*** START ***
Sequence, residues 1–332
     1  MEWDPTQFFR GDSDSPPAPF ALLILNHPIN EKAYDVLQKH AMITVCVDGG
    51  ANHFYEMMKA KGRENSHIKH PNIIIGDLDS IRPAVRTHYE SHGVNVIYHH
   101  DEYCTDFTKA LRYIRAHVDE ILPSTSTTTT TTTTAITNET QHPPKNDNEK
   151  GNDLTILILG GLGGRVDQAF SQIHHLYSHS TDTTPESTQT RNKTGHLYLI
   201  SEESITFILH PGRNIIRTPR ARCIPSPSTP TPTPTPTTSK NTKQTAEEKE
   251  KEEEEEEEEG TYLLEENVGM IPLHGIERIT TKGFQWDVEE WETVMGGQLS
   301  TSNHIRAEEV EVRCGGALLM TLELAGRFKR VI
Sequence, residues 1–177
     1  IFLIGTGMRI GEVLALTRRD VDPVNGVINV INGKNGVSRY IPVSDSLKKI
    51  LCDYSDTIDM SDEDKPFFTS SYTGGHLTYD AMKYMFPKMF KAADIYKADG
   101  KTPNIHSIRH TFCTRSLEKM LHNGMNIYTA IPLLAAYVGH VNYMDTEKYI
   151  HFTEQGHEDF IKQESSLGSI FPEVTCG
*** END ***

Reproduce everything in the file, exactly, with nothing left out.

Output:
Sequence, residues 1–332
     1  MEWDPTQFFR GDSDSPPAPF ALLILNHPIN EKAYDVLQKH AMITVCVDGG
    51  ANHFYEMMKA KGRENSHIKH PNIIIGDLDS IRPAVRTHYE SHGVNVIYHH
   101  DEYCTDFTKA LRYIRAHVDE ILPSTSTTTT TTTTAITNET QHPPKNDNEK
   151  GNDLTILILG GLGGRVDQAF SQIHHLYSHS TDTTPESTQT RNKTGHLYLI
   201  SEESITFILH PGRNIIRTPR ARCIPSPSTP TPTPTPTTSK NTKQTAEEKE
   251  KEEEEEEEEG TYLLEENVGM IPLHGIERIT TKGFQWDVEE WETVMGGQLS
   301  TSNHIRAEEV EVRCGGALLM TLELAGRFKR VI
Sequence, residues 1–177
     1  IFLIGTGMRI GEVLALTRRD VDPVNGVINV INGKNGVSRY IPVSDSLKKI
    51  LCDYSDTIDM SDEDKPFFTS SYTGGHLTYD AMKYMFPKMF KAADIYKADG
   101  KTPNIHSIRH TFCTRSLEKM LHNGMNIYTA IPLLAAYVGH VNYMDTEKYI
   151  HFTEQGHEDF IKQESSLGSI FPEVTCG